William Hare Ltd has invested in three ESAB A2 Multitrac submerged arc welding packages and says the result has been a major improvement in the company's output.
Three ESAB A2 Multitrac submerged arc welding (SAW) packages have been supplied to William Hare Limited for the fabrication of substantial structures destined for the Paddington section of London's Crossrail project. This investment represents a significant increase in the production capacity at William Hare's Bury facility, and the intention is that the equipment will continue to be used on future contracts after the completion of the Crossrail structures. William Hare is one of the UK's premier structural steelwork contractors, serving the global market for civil and other structural steelwork.
William Hare has made extensive use of ESAB welding machines before, as Rohan Brandwood, the Welding Engineer, explains: "We have always found ESAB equipment to be both tough and capable of producing high-quality welds; the service and support is also second to none. When the need arose for more sub-arc machines, we had no hesitation in contacting ESAB. Although we did look at other suppliers, we felt that the carriage on the A2 Multitrac was far superior to anything else that was available and, when we visited Waltham Cross to see the machine demonstrated, we particularly liked the four-wheel-drive arrangement that gives stability and accuracy."
Versatile and powerful
ESAB's A2 Multitrac is a four-wheel-drive tractor unit capable of being used for submerged arc welding (SAW) or gas metal arc welding (GMAW) in a single- or twin¬wire configuration. The single-wire SAW models purchased by William Hare are equipped with ESAB's A2/A6 process controllers type PEH and they are connected to ESAB LAF 1000 power sources. In addition, the tractor units are fitted with flux recovery systems.
One of the advantages of the A2 Multitrac is that although it is extremely robust, it is easily portable so that it can be quickly moved from one welding station to the next. Once in place it can be rapidly set up and, if required, welding parameters can be recalled from the PEH controller's memory (up to ten sets can be stored). The controller's digital display and pushbutton interface are easy to use, yet rugged enough to survive in heavy-duty fabrication shops. Similarly, the LAF 1000 power source, which is rated at 1000A at a 60 per cent duty cycle (or 800A at a 100 per cent duty cycle), is robust and user-friendly. It delivers excellent welding characteristics, especially at start-up and re-ignition, and a stable arc.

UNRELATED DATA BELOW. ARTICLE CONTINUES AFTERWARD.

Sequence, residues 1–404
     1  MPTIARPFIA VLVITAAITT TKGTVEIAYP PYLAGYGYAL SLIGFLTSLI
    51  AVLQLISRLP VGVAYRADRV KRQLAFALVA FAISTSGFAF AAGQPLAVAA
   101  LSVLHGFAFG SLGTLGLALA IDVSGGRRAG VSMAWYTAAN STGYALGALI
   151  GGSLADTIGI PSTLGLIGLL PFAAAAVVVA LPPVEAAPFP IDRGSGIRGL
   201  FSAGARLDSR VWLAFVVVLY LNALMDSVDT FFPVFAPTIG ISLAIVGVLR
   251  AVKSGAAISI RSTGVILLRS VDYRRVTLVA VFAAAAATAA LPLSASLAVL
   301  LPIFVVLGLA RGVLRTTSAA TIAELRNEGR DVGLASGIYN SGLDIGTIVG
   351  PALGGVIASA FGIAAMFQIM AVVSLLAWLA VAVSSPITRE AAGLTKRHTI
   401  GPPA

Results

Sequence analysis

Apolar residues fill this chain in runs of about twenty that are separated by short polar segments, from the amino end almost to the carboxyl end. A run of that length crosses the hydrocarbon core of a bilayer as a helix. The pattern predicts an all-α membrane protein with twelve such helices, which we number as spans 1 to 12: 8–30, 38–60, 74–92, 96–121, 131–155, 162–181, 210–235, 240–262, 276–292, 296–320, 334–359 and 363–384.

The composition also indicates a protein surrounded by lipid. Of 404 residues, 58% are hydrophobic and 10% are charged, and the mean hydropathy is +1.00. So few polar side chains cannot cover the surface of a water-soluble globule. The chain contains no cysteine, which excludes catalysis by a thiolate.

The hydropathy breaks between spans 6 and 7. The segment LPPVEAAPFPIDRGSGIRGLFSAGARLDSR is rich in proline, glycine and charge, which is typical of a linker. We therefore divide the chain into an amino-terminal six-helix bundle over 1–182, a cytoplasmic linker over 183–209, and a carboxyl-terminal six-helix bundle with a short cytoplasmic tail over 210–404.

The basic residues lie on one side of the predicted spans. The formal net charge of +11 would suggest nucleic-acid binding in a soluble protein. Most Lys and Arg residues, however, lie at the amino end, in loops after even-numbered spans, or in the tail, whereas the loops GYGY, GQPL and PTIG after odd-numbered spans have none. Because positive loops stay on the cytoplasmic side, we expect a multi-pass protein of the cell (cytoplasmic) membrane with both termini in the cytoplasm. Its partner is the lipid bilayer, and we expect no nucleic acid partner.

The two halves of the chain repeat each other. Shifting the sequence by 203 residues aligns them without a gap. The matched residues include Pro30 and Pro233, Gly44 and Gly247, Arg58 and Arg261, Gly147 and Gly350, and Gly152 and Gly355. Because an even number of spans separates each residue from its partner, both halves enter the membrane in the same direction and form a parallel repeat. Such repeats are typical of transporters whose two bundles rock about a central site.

So far the new equipment has been used to produce butt and fillet welds on plate girders. Butt welds up to 30mm thick have been produced, as well as multi-pass fillet welds in structures up to 19m long. Samples of narrow-gap butt welding with an included angle of just 10 degrees have also been produced in sections up to 80mm thick, as welds of this type will be required as part of the Crossrail contract.
While some welding has been performed using solid wires, William Hare is also making use of cored wire submerged arc welding for many joints. In all cases, however, ESAB consumables are being utilised. Where required, technical support and advice is being provided by ESAB's experienced welding experts to help William Hare optimise the welding process, maximise the operational efficiency and ensure the consistent high quality necessary for structural steelwork.
Rohan Brandwood comments: "The new A2 Multitracs have only been in operation for a few weeks, but we are already impressed with their capability and pleased with the investment we have made. This equipment will make a major contribution to our output and is therefore very important to the company's business."
Contact ESAB to request technical datasheets for the A2 Multitrac, A2/A6 process controller type PEH, and the LAF 1000 power sources.